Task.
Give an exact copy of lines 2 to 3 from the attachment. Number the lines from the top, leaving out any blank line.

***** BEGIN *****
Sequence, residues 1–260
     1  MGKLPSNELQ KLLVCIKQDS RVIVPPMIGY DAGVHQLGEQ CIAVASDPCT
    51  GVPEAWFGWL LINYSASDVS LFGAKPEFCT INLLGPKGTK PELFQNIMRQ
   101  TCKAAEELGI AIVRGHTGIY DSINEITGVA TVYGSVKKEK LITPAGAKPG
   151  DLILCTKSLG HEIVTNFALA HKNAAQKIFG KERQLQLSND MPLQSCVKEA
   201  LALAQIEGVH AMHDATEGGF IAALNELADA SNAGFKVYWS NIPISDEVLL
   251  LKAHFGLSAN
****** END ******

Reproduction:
     1  MGKLPSNELQ KLLVCIKQDS RVIVPPMIGY DAGVHQLGEQ CIAVASDPCT
    51  GVPEAWFGWL LINYSASDVS LFGAKPEFCT INLLGPKGTK PELFQNIMRQ